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Lowell E. Toreson


No. 20082 • Apr 20, 1933 - Feb 5, 2014        

Died in Durham, NC

Cremated. Interred in Chapel Hill Cemetery, NC


All the way across America from his home town of Berkeley, CA, Lowell Edmund Toreson came to West Point on July 5, 1950 just a few months after his 17 birthday. He had peach fuzz on his cheeks and dreams of military service in his heart.

He took to the life of a cadet with ease, as staying “pro” was not a major problem for this quiet but well-regarded young man. He was involved in cadet life and enjoyed activities offering trips to New York City. His service and attitude were acknowledged by his selection as the Corps Color Sergeant. Lowell was so proud that he was selected to carry the American flag, leading every parade during his senior year.

Upon graduation, Lowell was commissioned in the Field Artillery and reported, with many of his class, to Fort Sill, OK. After graduating from the FA Basic Officer Course, Lowell took the next step of major importance when he married Mary Ellen Hardin, the light of his life, on December 23, 1954 in California.

Lowell and Mary Ellen then travelled across the United States to his first assignment as a student in the U.S. Army’s Airborne School at Fort Benning, GA. Lowell succeeded in qualifying as a paratrooper and as a jumpmaster. Then he attended Ranger School.

Following Ranger School, Lowell and Mary Ellen travelled to their first duty station at Fort Lewis, WA. He was assigned to the 37th Artillery, a 105mm battalion. They “gyro-scoped” from Fort Lewis to Anchorage, AK in 1956, remaining there until 1959.

Lowell was accepted as a foreign area specialist. Turkey was his country of choice. After training at Princeton University from 1961 to 1962, he and his family went to Turkey where he served first in Ankara and then in Izmir. Lowell learned much about the Turkish people, language, government and geography by travelling all over the country as a passenger on local buses. Years later he enjoyed reminiscing about all of those bus trips.

In 1964 Lowell was selected as aide-de-camp to General John Michaelis, CGHALFSEE, in Turkey. He served in that position for two years. In 1966 he was assigned to USARV in South Vietnam. He was awarded the Bronze Star medal for service there. He returned to the United States and attended the U.S. Army Command and General Staff College at Fort Leavenworth, KS.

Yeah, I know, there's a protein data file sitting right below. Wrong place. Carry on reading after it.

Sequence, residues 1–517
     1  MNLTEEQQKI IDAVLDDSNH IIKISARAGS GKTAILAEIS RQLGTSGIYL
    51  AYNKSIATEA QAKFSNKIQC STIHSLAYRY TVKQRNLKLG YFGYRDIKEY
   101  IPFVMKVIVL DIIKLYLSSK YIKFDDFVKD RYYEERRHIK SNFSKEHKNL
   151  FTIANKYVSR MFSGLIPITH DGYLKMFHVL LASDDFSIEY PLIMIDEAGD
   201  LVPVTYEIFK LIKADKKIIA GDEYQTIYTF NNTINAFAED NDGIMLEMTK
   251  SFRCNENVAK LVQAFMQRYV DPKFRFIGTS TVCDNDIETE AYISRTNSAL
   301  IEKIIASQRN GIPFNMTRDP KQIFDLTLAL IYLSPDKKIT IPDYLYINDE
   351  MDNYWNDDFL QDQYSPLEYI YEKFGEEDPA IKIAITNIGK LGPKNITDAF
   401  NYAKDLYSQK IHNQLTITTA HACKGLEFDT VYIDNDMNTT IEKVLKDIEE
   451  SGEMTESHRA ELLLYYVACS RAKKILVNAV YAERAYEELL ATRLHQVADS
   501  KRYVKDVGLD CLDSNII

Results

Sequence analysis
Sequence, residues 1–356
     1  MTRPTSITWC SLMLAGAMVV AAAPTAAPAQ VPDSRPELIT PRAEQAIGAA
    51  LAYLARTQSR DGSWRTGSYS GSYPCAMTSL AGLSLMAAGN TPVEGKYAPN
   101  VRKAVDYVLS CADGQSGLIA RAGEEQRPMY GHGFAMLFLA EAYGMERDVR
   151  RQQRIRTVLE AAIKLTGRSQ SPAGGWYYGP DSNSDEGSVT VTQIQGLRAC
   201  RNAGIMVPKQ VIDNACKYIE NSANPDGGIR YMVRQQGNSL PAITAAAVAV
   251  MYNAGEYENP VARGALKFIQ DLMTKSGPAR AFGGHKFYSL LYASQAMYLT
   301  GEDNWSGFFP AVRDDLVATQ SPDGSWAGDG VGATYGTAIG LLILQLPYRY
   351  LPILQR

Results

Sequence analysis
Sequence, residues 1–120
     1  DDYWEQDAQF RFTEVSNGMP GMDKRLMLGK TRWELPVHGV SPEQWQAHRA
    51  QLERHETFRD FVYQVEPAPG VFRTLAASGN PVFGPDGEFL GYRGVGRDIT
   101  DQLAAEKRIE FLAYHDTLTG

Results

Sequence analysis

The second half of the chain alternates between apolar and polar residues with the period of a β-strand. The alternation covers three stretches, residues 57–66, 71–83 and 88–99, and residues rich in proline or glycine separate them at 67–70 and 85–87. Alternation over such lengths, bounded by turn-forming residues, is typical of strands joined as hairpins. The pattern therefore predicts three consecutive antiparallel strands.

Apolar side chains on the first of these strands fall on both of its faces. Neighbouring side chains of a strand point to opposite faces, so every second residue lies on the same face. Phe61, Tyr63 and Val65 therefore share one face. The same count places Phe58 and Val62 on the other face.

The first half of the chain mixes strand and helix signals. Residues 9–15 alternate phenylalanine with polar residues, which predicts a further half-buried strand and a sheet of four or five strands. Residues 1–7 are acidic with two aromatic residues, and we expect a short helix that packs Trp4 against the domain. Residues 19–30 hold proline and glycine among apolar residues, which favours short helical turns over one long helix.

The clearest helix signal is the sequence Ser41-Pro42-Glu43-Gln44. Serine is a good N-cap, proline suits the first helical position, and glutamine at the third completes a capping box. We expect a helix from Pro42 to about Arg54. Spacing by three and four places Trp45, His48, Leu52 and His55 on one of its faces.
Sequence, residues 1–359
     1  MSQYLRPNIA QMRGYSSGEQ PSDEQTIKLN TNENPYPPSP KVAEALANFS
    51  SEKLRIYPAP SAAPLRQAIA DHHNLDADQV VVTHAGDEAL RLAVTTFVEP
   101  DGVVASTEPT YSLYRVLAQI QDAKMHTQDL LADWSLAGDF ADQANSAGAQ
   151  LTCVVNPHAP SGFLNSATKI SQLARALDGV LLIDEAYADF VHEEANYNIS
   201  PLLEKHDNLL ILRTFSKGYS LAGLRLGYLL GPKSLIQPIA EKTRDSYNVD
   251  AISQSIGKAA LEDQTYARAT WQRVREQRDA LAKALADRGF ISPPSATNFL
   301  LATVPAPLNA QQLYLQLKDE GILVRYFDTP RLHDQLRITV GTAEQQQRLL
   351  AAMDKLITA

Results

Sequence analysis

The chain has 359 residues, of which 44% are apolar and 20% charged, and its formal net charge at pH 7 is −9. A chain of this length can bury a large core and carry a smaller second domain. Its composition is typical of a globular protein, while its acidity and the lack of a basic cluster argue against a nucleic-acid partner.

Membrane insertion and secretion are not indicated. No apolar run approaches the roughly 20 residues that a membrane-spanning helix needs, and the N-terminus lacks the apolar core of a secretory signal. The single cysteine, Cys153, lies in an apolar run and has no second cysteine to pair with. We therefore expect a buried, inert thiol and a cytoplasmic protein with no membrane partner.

After graduating from C&GS, Lowell joined the Defense Intelligence Agency (DIA) with duty station in the Pentagon. The family purchased a new home near Springfield, VA, only two blocks from classmate Chuck Luce and his family. For the best part of three years, they carpooled to the Pentagon daily. As Chuck recalls, those 14-mile trips on the Shirley Highway (I-95) were an occasion for long conversations. On a good day it took 40 minutes; on a bad traffic day it could take over an hour and a half. Lowell and Chuck developed a plan during the morning drive to by-pass the traffic jams if possible. They picked out three exits along the way and, listening to the local radio station about the traffic conditions ahead, would take the best of the three exits to the Pentagon. They won some days and lost some days!

Lowell’s assignment at DIA was to monitor activities in Israel. Intelligence reports covering all kinds of activities flowed to his desk daily. Lowell was quick to realize that the Israelis would respond immediately to any military activity directed at them. During their long evening drives home, he would reflect on reports he had reviewed and predicted to Chuck that an Israeli response would be coming. Within a day or two, his prediction would come true.

It was during his time at DIA that Lowell noticed that he was experiencing some difficulties with telephone calls. He was losing his hearing. He got a special adapter attached to his phone which helped some.

In 1971 Lowell was assigned to HQ, 7th Corps Artillery in Germany. His family—wife Mary Ellen and their five daughters: Kathryn, Karen, Kirsten, Lynn and Laurie—joined him for this three-year tour. Lowell commanded the 3rd Battalion, 37th Field Artillery. He was awarded the Army Commendation Medal for this service.

Lowell’s final assignment was with the Army Reserve Regional Readiness Command. Lowell retired in 1974. He was awarded the Meritorious Service Medal for service to his country.

Following his retirement, the family moved to Asheville, NC and then to Chapel Hill, NC, where he worked for the Migrant Seasonal Farm Workers Association. Lowell became a die-hard fan of the men’s basketball and women’s soccer teams at the University of North Carolina. He even became an usher at the home basketball games. Lowell spent much time reading, gardening and bird watching.

In 1978, the Toresons moved to San Luis Obispo, CA to care for Lowell’s mother, who had suffered a stroke. During this time, several of Lowell’s closest friends became concerned about his hearing loss and encouraged him to seek medical relief.

Medical science developed a new technique, the cochlear ear transplant, which corrected hearing loss like that which Lowell experienced. With the assistance from the staff of the University of San Francisco, Lowell and Mary Ellen made the transplant a reality in his life. His hearing improved greatly. Following his mother’s death in 2006, Lowell and Mary Ellen moved back to Chapel Hill.

Lowell was diagnosed with terminal cancer in the summer of 2013. He died peacefully on February 5, 2014. Lowell Edmund Toreson was buried with full military honors in the Chapel Hill Cemetery.

— Classmate and longtime friend


Originally published in TAPS 2015

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